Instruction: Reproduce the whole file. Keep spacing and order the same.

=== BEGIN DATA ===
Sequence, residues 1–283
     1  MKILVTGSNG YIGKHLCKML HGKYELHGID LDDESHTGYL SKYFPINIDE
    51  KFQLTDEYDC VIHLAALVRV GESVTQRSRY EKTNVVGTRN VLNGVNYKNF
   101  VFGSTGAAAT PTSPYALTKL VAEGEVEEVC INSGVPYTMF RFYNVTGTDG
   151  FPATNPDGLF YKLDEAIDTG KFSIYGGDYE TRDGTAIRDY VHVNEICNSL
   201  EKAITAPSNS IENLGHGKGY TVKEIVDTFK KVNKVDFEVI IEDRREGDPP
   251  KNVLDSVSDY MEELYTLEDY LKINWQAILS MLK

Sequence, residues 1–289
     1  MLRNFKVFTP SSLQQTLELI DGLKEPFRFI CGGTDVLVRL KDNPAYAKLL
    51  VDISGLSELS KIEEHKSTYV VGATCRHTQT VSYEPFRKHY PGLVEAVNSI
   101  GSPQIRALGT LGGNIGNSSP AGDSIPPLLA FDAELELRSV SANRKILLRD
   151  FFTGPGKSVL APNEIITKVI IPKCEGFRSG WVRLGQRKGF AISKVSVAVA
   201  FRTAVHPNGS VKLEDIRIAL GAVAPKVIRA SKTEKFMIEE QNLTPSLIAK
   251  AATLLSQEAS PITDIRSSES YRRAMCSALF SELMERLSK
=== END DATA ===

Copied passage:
Sequence, residues 1–283
     1  MKILVTGSNG YIGKHLCKML HGKYELHGID LDDESHTGYL SKYFPINIDE
    51  KFQLTDEYDC VIHLAALVRV GESVTQRSRY EKTNVVGTRN VLNGVNYKNF
   101  VFGSTGAAAT PTSPYALTKL VAEGEVEEVC INSGVPYTMF RFYNVTGTDG
   151  FPATNPDGLF YKLDEAIDTG KFSIYGGDYE TRDGTAIRDY VHVNEICNSL
   201  EKAITAPSNS IENLGHGKGY TVKEIVDTFK KVNKVDFEVI IEDRREGDPP
   251  KNVLDSVSDY MEELYTLEDY LKINWQAILS MLK

Sequence, residues 1–289
     1  MLRNFKVFTP SSLQQTLELI DGLKEPFRFI CGGTDVLVRL KDNPAYAKLL
    51  VDISGLSELS KIEEHKSTYV VGATCRHTQT VSYEPFRKHY PGLVEAVNSI
   101  GSPQIRALGT LGGNIGNSSP AGDSIPPLLA FDAELELRSV SANRKILLRD
   151  FFTGPGKSVL APNEIITKVI IPKCEGFRSG WVRLGQRKGF AISKVSVAVA
   201  FRTAVHPNGS VKLEDIRIAL GAVAPKVIRA SKTEKFMIEE QNLTPSLIAK
   251  AATLLSQEAS PITDIRSSES YRRAMCSALF SELMERLSK